Blue Note Records was founded back in 1939 and went on to become one of the greatest labels of jazz.
Rhythm Planet host Tom Schnabel shares the fascinating history of the label in one of his recent blog posts. He attributes Blue Note’s greatness to their championing of lesser-known players who were coming up on their own as jazz titans — Thelonious Monk, Freddie Hubbard and Herbie Hancock, to name a few — and the consistent quality of their recordings thanks to Rudy Van Gelder, who is considered the best recording engineer in jazz history.
(Side note: Blue Note was one of the only labels to pay musicians to rehearse prior to recording them. Label founder Alfred Lion insisted they take the time to do so in order to showcase the artists at their very best.)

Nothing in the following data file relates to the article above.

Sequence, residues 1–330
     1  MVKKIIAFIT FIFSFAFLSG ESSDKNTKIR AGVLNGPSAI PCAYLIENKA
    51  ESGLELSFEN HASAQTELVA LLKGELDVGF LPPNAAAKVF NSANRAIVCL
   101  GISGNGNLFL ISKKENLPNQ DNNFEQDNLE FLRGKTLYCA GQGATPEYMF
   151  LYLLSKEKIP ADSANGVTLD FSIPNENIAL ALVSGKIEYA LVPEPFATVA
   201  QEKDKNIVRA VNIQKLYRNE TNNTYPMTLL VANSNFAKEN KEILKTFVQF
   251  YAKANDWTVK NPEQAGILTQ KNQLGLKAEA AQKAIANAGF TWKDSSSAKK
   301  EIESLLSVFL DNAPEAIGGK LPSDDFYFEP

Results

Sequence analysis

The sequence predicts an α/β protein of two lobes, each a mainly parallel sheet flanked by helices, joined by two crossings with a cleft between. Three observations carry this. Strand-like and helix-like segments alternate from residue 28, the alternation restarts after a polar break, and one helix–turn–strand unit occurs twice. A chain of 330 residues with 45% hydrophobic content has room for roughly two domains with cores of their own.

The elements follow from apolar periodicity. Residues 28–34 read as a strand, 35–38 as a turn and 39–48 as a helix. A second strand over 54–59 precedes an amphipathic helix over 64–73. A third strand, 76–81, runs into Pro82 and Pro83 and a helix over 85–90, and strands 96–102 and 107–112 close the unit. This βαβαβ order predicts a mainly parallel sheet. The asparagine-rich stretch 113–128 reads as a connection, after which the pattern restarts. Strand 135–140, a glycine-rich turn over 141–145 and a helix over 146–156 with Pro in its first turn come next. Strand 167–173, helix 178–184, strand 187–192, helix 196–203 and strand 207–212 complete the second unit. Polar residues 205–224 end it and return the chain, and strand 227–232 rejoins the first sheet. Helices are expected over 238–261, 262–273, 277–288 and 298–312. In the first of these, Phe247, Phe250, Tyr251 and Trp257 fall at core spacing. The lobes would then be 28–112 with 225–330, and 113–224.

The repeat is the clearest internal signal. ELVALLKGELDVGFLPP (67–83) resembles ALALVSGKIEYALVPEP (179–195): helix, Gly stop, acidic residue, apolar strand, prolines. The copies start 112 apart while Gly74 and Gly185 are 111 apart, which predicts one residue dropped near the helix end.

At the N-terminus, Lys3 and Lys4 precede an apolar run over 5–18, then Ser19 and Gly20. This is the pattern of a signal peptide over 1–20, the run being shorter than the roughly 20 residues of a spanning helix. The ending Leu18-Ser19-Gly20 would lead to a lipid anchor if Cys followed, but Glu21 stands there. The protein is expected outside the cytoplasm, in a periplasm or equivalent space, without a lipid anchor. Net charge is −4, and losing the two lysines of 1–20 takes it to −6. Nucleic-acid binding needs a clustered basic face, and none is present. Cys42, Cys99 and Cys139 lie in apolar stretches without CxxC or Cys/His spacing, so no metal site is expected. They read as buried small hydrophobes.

Current label president Don Was sat down with Elvis Mitchell recently to chat about his musical history on The Treatment.
Like Elvis, the Grammy Award-winning producer (for Bonnie Raitt, Bob Dylan, Rolling Stones, among others), was born in Detroit.
Elvis says he always thought of Blue Note as a Detroit label because there were so many other natives on the roster: Donald Bird, Paul Chambers, Gene Harris, Kenny Burrell, Elvin Jones, and Ron Carter.
Don compared the city with the label itself in “facing adversity and grooving through it”.
He tells Elvis about his first exposure to jazz, thanks to Detroit’s legendary jazz DJ Ed Love, and talked about where the genre is going saying, “change is kind of built into jazz on a cellular level. It’s supposed to constantly be evolving.”